LIMBO review

April 14, 2012

I promised at some point that I would review Incerpare’s English Country Tune but instead I’m going to review LIMBO right now because I just played it and have some quick criticism to throw out at the game that perhaps tie back a little into my pending ECT review. But first a screenshot which I think is statistically proven to reduce attrition (tldr;) rate in this type of post.

I remember being totally washed away when I saw a trailer for LIMBO two or three years ago. Indie games have come a long way since then which also means it takes a lot more to impress me. I did see some gameplay for LIMBO at indiecade 2010 in particular when those kids started chasing you with blow guns and you use the traps in the stage to kill them. That was freaky back then, and the idea is still freaky to me now, but playing through it just, perhaps because I knew what to expect, left a pretty lukewarm impression on me. There was this other trailer I saw sometime after the first where the zombie worm thing attaches to the boys head and seemingly becomes mind controlled. Suffice to say, I was a little more than disappointed that the ultimate result of that was little more than a jammed controller. In this respect, I was perhaps most impressed by that rather persistant spider whose ultimate fate is an ellipsoidal stepping stone.

I’m making pointless statements here, so what is my point? LIMBO by all means, was actually a pretty good game. The puzzles were original, compelling, rewarding when solved (for the most part), and well integrated with the atmosphere which was definitely the selling point of the game. Maybe I’m just too cynical now and destined to hate everything creative ever made. I did just play one of those artsy pixelly flash games recently. I think it was about serial killer. It had this twist where you’re rapidly pressing SPACE to fornicate with this girl behind a previously transparent brick wall except it turns out you’re actually raping and strangling her and yawn. I don’t remember what this game is called anymore. I wonder how I’d feel about cave nowadays if it were possible for me to play it objectively.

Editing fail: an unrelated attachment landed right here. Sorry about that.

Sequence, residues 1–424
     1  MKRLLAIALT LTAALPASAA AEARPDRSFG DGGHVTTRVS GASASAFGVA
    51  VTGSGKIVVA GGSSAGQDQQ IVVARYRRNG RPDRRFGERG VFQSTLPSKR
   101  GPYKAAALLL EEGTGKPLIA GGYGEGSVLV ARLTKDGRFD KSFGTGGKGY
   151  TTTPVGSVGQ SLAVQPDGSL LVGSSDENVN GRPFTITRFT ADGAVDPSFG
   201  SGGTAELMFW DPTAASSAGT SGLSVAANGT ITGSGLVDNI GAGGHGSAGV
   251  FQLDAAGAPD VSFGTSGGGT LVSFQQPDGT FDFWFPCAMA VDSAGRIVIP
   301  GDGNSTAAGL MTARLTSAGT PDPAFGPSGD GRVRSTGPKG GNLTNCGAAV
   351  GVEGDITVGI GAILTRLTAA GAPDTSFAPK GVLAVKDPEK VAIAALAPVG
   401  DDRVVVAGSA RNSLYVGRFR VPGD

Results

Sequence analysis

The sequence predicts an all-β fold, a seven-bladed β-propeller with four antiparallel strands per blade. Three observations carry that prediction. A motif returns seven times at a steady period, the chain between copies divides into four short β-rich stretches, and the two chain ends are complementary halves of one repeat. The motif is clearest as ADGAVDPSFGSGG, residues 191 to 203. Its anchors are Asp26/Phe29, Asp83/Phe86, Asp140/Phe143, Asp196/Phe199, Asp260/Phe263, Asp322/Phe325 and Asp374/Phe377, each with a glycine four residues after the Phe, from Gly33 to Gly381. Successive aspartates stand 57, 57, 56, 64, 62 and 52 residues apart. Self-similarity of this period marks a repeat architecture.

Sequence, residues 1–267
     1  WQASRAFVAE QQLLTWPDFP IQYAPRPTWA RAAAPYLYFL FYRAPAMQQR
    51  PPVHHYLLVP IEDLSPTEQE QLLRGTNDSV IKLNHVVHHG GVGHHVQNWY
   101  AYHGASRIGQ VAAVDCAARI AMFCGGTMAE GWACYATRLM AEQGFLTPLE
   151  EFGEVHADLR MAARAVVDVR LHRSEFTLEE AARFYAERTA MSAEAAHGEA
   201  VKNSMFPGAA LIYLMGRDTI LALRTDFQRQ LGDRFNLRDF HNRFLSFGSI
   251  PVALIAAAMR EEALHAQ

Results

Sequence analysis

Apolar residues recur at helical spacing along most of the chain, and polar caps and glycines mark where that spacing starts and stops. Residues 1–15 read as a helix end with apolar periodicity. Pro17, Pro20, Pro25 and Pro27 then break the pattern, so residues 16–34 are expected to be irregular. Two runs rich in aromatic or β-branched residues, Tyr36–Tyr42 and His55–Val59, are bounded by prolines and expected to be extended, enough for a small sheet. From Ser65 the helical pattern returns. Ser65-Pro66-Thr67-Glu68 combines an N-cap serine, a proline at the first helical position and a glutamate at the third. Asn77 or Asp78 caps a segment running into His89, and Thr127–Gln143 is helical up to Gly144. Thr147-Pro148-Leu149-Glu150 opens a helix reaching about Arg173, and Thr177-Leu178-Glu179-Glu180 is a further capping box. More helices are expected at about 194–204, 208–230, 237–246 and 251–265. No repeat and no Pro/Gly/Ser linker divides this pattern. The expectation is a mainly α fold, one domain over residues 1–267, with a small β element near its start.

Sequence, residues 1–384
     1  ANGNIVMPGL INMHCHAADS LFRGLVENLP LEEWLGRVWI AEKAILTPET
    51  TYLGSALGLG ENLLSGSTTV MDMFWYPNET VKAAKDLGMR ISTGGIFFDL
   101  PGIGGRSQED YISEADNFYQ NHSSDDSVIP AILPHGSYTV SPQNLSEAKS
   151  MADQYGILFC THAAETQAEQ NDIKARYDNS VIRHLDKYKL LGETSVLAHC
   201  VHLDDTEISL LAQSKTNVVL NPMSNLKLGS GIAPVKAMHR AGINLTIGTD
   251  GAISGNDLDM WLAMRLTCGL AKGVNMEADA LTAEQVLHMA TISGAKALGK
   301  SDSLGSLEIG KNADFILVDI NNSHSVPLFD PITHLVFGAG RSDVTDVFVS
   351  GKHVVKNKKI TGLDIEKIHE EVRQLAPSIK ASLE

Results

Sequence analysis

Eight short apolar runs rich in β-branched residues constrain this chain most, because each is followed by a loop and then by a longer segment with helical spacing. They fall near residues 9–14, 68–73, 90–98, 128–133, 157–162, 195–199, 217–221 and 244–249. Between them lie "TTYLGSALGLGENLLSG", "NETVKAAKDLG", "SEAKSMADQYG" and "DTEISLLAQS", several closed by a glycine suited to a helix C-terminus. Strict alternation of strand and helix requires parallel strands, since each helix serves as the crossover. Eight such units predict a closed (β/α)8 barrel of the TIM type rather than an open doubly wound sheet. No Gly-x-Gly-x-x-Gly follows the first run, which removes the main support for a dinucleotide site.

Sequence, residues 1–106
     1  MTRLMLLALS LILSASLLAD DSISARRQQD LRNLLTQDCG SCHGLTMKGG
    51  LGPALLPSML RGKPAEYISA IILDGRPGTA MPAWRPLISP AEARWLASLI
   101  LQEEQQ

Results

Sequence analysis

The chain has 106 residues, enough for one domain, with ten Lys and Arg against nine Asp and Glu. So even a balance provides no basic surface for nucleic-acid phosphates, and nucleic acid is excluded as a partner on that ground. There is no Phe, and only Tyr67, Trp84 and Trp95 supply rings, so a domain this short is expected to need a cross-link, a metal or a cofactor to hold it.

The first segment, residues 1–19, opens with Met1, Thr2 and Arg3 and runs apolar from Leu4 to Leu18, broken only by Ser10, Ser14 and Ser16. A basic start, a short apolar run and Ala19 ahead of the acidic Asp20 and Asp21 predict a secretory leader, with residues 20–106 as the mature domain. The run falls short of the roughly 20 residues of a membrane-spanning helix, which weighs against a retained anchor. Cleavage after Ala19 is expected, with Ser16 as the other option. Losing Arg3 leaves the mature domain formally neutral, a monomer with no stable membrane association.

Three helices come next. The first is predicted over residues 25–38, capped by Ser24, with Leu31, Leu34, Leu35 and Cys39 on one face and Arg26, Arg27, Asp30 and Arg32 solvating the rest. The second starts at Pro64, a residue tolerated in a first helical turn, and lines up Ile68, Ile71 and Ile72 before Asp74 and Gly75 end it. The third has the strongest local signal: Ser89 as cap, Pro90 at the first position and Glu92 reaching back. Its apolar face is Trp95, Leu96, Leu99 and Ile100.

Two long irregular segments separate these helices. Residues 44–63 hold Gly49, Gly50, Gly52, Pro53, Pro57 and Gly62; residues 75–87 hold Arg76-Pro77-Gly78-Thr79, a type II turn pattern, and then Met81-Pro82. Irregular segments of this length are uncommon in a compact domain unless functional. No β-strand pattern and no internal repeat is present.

So the best I can do here is offer another theory at why LIMBO was lukewarm at best.  Limbo’s presentation of little kids dying and killing each other and mind controlling wormy things actually ARE compelling but at the end of the day we must ask what does it all boil down to? In this case, the latter is really just a puzzle mechanic, the former a game mechanic (a kind of annoying one too). These are puzzle and game mechanics that do actually tie in superbly well with the world that is LIMBO but, and here’s the issue, neither tie into the narrative which (spoiler alert) doesn’t really exist.

Now the astute reader, having perceived the contents of my yet to be written ECT review, will note that I stand here complaining about pretty much the same thing. These are both games with, gameplay that hints at narrative in a very compelling way but no actual narrative. So I ask why LIMBO had failed in this respect so much more gloriously than ECT that I’d find myself sitting here trying to force a review out of myself. Perhaps the catalyst for this review was the first time the girl is introduced (which is apparently the boy’s sister according to wikipedia and not his girlfriend). I think at this point I had decided that there would be no grand twist unveiling the true nature and story of  the game and should I have been more articulate on the spot, I should have declared “OK if you don’t have a narrative than PLEASE don’t throw me the most archetypal game trope at me”. At least Braid did it in a sort of ironic way.

ECT in all its modesty had really good and solid building blocks for a really compelling narrative. LIMBO in all its ambition succeeds even more compelling moments repeatedly throughout the revelation of its world. ECT never promised a narrative, I just wanted one and it was cock-teasing me just to be funny (ha ha Stephen Lavelle). Limbo does promise one and completely fails to deliver in favor of this open ended interpretation type way which I might compare to me handing you a book with 10000 blank panges telling you it’s open for interoperation. Again, the astute reader will note that I am also very disappointed in ECT for not being what it could of been, but here LIMBO is not what it should have been.

Duly, I give LIMBO 0 out of 1 star.